Gingivitis is “the most common short-term effect of orthodontic treatments on the periodontal health,” according to a March article in the Journal of International Society of Preventive & Community Dentistry. It usually is the result of failing to brush and floss properly.
Gingivitis is inflammation of the gums caused by plaque that forms on the teeth and gums. Plaque that isn’t removed daily emits toxins that irritate the gums. Gingivitis is the initial stage of gum disease, and luckily, it can be reversed. However, untreated gingivitis can progress into periodontitis and cause irreversible damage to teeth, gums and bone. Periodontitis cannot be cured; only managed.
For these reasons, orthodontists spend a great deal of time advising patients about oral hygiene for plaque control, in addition to monitoring their treatment.
Oral Health During Orthodontic Treatment Requires a Collaborative Approach
A common question I am asked by patients and parents is whether routine dental checkups and professional teeth cleaning appointments can be canceled during orthodontic treatment. The answer is no!
Ideal orthodontic treatment is a collaboration between your orthodontist, general dentist, dental hygienist, and sometimes even an oral surgeon if teeth must be removed prior to treatment. We routinely communicate with other dental professionals to ensure our patients receive the best treatment.
My assistants and I check patients’ oral hygiene at each orthodontic checkup and offer instruction and guidance on improving hygiene when necessary. Professional cleanings at your general dentist’s office are vital throughout treatment to remove hard-to-reach plaque and tartar from the surfaces of teeth and appliances. These cleanings may need to happen more frequently if your child’s home oral hygiene routine isn’t up to par.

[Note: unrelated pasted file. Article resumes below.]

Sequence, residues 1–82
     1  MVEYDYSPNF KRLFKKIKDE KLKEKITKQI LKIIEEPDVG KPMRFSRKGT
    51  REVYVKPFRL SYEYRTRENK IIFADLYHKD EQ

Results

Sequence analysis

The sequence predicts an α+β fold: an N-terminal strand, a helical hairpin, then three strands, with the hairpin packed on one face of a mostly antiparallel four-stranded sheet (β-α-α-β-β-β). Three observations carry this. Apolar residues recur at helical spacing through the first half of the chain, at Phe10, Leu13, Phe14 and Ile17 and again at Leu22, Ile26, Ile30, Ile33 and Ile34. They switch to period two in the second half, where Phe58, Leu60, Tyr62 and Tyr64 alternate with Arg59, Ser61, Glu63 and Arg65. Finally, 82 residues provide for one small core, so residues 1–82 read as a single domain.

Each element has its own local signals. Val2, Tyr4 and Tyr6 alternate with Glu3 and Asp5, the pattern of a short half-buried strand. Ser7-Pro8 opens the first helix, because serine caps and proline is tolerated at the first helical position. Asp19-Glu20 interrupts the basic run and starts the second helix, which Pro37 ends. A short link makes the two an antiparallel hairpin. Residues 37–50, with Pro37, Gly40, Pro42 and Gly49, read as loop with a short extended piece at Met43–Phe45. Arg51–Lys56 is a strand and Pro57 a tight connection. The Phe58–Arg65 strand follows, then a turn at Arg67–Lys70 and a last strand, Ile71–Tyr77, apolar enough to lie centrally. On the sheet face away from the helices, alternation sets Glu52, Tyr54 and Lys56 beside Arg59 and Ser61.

Because of the importance of good oral hygiene habits, I think the Grush could be a valuable tool to get kids excited about brushing. I’m in favor of anything that lays the groundwork for strong oral hygiene habits by the time a child is ready for orthodontic treatment.
Kids may eventually outgrow the novelty of playing a video game with their toothbrush, but that just means they can graduate to a regular electric toothbrush. Electric toothbrushes are great at cleaning around brackets, bands and arch wires and removing food particles from tight spaces.